The question I have at this point is what to do about WoW. My WoW install is on an old 60GB agility-series drive. It has that drive all to itself, more or less, after being moved there from a HDD.

I'd like to keep it on the 60GB drive, since I don't have much other use for the drive and it keeps it separate from the OS. However,
-it's only a SATA II interface
-read/write access is significantly slower compared to the new drive (at least a factor of 2 by spec), and
-I'm not certain that it has TRIM support, which means read/write access is probably a LOT slower than the specs would imply.

One of my minor gripes at the moment is how long WoW takes to load everything the first time I choose a character. I run 150-200 addons, and from the time I hit "enter world" for the first time until the blue bar is done loading can be 30s to a minute. Subsequent loads are relatively fast (5-15 seconds, it varies based on day/time/phase of the moon/etc.).

So the question is whether it makes sense to move WoW to the system drive as well (and if so, what to do with the old SSD), or whether to leave it on the old drive (and if so, are there ways to improve the performance?). If anyone has a suggestion for a good (preferably free) benchmark program I can run to evaluate how well my Agility drive is operating, I'd be happy to fool around with it this evening and post results.
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Re: SSD System Drives

Postby gibborim » Thu Apr 07, 2011 1:47 pm

theckhd wrote:The question I have at this point is what to do about WoW. My WoW install is on an old 60GB agility-series drive. It has that drive all to itself, more or less, after being moved there from a HDD.

I'd like to keep it on the 60GB drive, since I don't have much other use for the drive and it keeps it separate from the OS. However,
-it's only a SATA II interface
-read/write access is significantly slower compared to the new drive (at least a factor of 2 by spec), and
-I'm not certain that it has TRIM support, which means read/write access is probably a LOT slower than the specs would imply.

One of my minor gripes at the moment is how long WoW takes to load everything the first time I choose a character. I run 150-200 addons, and from the time I hit "enter world" for the first time until the blue bar is done loading can be 30s to a minute. Subsequent loads are relatively fast (5-15 seconds, it varies based on day/time/phase of the moon/etc.).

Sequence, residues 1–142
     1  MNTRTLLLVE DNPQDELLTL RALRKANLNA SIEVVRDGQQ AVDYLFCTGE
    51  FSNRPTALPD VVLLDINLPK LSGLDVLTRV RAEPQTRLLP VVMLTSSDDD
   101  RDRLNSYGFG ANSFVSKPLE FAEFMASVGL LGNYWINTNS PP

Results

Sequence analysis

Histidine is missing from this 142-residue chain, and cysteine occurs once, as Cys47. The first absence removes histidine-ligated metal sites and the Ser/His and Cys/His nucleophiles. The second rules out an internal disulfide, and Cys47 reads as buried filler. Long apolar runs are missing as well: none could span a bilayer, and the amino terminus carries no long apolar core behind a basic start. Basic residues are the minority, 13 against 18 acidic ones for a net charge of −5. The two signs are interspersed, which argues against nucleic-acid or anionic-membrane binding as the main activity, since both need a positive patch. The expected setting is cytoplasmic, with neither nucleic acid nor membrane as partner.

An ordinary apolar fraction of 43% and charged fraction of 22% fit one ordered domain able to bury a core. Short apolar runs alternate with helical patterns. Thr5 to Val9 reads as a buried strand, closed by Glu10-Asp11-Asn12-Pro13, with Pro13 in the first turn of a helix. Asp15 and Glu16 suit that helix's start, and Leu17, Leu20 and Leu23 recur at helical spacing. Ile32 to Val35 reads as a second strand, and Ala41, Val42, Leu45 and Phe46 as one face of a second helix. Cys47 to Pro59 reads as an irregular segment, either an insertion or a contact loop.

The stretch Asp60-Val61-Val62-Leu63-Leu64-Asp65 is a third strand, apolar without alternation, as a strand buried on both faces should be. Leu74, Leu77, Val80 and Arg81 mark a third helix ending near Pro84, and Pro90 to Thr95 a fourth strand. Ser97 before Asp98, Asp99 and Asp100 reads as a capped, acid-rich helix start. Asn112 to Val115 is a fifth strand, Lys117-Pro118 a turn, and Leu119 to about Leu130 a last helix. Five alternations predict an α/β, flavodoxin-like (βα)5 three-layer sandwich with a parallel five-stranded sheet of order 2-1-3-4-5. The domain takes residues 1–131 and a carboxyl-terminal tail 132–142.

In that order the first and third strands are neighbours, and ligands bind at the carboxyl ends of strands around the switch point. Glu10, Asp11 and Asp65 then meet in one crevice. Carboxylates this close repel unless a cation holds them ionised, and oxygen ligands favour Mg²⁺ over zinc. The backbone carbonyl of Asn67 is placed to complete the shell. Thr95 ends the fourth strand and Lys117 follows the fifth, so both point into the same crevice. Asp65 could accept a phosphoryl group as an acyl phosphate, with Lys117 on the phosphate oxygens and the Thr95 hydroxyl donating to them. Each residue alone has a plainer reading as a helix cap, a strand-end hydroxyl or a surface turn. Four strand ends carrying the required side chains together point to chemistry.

So the question is whether it makes sense to move WoW to the system drive as well (and if so, what to do with the old SSD), or whether to leave it on the old drive (and if so, are there ways to improve the performance?). If anyone has a suggestion for a good (preferably free) benchmark program I can run to evaluate how well my Agility drive is operating, I'd be happy to fool around with it this evening and post results.


For benchmarking your SSDs: http://www.passmark.com/products/pt.htm It is trialware, but should be more than sufficient for testing your SSD drives for now.

This is what I would do: WoW and Windows 7 on the good SSD, other programs on the 'slow' SSD. Make sure you backup your WoW installation if you are not already.

Also, make sure you have an actual SATA 3 cable, otherwise your read speed will be limited to ~255 MB/sec.
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Re: SSD System Drives

Postby theckhd » Thu Apr 07, 2011 1:52 pm

Hm... I didn't realize there was a difference. But I think my motherboard came with some SATA cables with little clips, those might be the SATA III cables. I'll have to take a look when I get home.
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Re: SSD System Drives

Postby gibborim » Thu Apr 07, 2011 5:35 pm

theckhd wrote:Hm... I didn't realize there was a difference. But I think my motherboard came with some SATA cables with little clips, those might be the SATA III cables. I'll have to take a look when I get home.


I am not completely sure if the is an actual difference or if it is a marketing scam, but I didn't find any posts on tech forums newer than June of last year saying it was marketing. I should have mine for testing on Monday.